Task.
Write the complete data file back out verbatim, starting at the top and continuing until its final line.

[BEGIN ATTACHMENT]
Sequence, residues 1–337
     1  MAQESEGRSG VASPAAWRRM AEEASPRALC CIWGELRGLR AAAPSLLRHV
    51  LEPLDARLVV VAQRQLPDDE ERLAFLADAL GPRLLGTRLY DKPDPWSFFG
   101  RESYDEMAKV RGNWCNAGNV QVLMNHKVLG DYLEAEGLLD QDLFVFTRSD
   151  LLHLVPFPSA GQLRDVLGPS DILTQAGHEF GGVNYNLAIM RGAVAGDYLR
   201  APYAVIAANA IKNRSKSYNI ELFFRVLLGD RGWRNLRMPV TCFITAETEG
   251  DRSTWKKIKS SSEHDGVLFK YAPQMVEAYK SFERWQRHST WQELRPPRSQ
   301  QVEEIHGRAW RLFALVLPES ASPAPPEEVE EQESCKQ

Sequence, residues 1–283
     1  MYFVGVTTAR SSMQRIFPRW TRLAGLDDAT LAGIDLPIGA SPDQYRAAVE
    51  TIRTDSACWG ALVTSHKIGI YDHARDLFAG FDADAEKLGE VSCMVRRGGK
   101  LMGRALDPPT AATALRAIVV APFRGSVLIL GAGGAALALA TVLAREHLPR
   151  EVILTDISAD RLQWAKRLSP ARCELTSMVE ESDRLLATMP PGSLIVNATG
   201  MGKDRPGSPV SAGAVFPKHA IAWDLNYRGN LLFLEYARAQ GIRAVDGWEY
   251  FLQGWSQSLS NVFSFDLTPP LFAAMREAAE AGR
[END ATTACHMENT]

Sequence, residues 1–337
     1  MAQESEGRSG VASPAAWRRM AEEASPRALC CIWGELRGLR AAAPSLLRHV
    51  LEPLDARLVV VAQRQLPDDE ERLAFLADAL GPRLLGTRLY DKPDPWSFFG
   101  RESYDEMAKV RGNWCNAGNV QVLMNHKVLG DYLEAEGLLD QDLFVFTRSD
   151  LLHLVPFPSA GQLRDVLGPS DILTQAGHEF GGVNYNLAIM RGAVAGDYLR
   201  APYAVIAANA IKNRSKSYNI ELFFRVLLGD RGWRNLRMPV TCFITAETEG
   251  DRSTWKKIKS SSEHDGVLFK YAPQMVEAYK SFERWQRHST WQELRPPRSQ
   301  QVEEIHGRAW RLFALVLPES ASPAPPEEVE EQESCKQ

Sequence, residues 1–283
     1  MYFVGVTTAR SSMQRIFPRW TRLAGLDDAT LAGIDLPIGA SPDQYRAAVE
    51  TIRTDSACWG ALVTSHKIGI YDHARDLFAG FDADAEKLGE VSCMVRRGGK
   101  LMGRALDPPT AATALRAIVV APFRGSVLIL GAGGAALALA TVLAREHLPR
   151  EVILTDISAD RLQWAKRLSP ARCELTSMVE ESDRLLATMP PGSLIVNATG
   201  MGKDRPGSPV SAGAVFPKHA IAWDLNYRGN LLFLEYARAQ GIRAVDGWEY
   251  FLQGWSQSLS NVFSFDLTPP LFAAMREAAE AGR